- setting realistic, attainable goals
- breaking up overwhelming tasks into small steps
- focusing on one activity or task at a time
- acknowledging that everyone makes mistakes, and that most mistakes present learning opportunities
- confronting fears of failure by being realistic about possible outcomes
Perfectionism is a form of irrational thinking. People with perfectionism hold themselves to impossibly high standards. They feel that what they do is never good enough. Perfectionism makes people feel unhappy with their lives. It can also cause them to stop trying to succeed. Perfectionism can lead to depression, anxiety, eating disorders, and self-harm. Even mild cases can interfere with quality of life, affecting personal relationships, work, and/or education.
A desire to achieve is healthy. But an irrational desire to always be perfect can cause problems. Perfectionists feel that they fail at everything they try.
A common sign of perfectionism is procrastination. A perfectionist may be unable to begin a task because he or she fears being unable to complete it perfectly.
Another sign of perfectionism is an inability to relax and share thoughts and feelings. A perfectionist can become very controlling in personal and professional relationships.
Perfectionists often become obsessed with rules, lists, and work. At another extreme, they may become extremely apathetic.
Perfectionism’s cause is not always clear. It is often a learned behavior. People with perfectionism believe that they are valuable only because of what they achieve or what they do for other people.
Academic settings can bring out perfectionism in young people.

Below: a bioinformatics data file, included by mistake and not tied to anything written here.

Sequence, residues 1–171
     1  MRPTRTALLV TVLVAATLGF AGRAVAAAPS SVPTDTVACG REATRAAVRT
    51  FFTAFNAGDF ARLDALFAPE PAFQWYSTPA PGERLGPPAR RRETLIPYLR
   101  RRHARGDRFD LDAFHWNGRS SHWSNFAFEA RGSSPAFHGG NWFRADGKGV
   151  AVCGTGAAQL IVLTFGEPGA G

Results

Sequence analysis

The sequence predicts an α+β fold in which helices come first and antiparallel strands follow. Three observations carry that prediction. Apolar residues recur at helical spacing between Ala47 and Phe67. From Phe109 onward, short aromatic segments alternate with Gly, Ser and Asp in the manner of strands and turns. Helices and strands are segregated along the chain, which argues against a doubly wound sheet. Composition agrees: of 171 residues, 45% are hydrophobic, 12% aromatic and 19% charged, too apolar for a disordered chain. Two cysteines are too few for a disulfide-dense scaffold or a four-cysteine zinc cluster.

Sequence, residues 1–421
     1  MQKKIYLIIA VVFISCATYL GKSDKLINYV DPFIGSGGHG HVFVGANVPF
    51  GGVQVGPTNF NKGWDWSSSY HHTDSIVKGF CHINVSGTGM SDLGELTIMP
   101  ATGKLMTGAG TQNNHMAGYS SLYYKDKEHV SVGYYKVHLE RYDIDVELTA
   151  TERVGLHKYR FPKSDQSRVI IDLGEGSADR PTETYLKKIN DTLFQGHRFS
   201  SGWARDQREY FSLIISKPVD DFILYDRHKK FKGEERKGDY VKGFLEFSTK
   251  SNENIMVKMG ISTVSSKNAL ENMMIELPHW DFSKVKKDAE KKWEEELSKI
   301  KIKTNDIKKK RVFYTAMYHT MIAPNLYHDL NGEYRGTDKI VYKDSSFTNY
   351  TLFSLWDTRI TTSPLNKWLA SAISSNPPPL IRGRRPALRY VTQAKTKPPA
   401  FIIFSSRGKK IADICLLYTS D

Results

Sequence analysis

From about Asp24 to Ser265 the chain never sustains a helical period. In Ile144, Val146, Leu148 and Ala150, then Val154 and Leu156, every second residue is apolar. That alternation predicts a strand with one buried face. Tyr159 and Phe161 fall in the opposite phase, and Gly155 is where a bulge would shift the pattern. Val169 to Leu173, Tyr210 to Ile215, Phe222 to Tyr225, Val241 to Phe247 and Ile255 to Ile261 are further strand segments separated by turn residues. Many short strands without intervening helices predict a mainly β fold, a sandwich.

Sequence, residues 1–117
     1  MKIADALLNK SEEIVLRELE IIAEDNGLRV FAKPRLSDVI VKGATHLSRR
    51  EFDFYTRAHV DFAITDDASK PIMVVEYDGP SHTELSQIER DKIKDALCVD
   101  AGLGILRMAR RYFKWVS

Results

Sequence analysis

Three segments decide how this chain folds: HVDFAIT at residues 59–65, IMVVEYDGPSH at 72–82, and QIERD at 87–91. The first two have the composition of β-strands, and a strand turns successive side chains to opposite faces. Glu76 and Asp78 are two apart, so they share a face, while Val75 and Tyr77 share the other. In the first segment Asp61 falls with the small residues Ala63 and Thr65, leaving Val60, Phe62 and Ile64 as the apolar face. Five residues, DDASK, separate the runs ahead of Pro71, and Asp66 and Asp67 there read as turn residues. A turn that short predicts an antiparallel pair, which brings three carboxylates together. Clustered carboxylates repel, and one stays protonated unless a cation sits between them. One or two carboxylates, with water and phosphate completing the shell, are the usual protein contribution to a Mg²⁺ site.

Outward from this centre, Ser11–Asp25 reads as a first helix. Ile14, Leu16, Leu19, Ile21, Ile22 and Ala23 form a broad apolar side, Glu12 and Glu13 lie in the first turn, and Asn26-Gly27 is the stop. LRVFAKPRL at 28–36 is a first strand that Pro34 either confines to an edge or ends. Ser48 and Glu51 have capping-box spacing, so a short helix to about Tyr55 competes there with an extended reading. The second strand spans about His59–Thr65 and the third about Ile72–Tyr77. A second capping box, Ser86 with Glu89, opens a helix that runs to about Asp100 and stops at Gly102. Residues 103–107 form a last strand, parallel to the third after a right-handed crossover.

Perfectionism in Children
Children and teenagers are often driven to be overachievers, with schoolwork as well as activities such as sports, school clubs, jobs, and community service. This can cause an obsession with success. Perfectionism may ultimately interfere with their ability to achieve it (American Academy of Pediatrics, 2013).
Although it once was believed that perfectionism could be a healthy motivator, modern research shows this is not the case (Benson, 2003).
Perfectionists work to hide personal problems. This can make the disorder difficult to treat. Therapy, especially cognitive-behavioral therapy, can help many people learn new ways of thinking about goals and achievements. Some psychologists say that focusing on a perfectionist's need for acceptance is an effective strategy. Reducing reactions to negative feedback can also be important (Besser, et al., 2004).
The following things may help lessen perfectionism (University of Illinois, 2007:
If perfectionism is interfering with your ability to live a full and happy life, consult a mental health professional. If you’re thinking of harming yourself or others, seek emergency medical attention.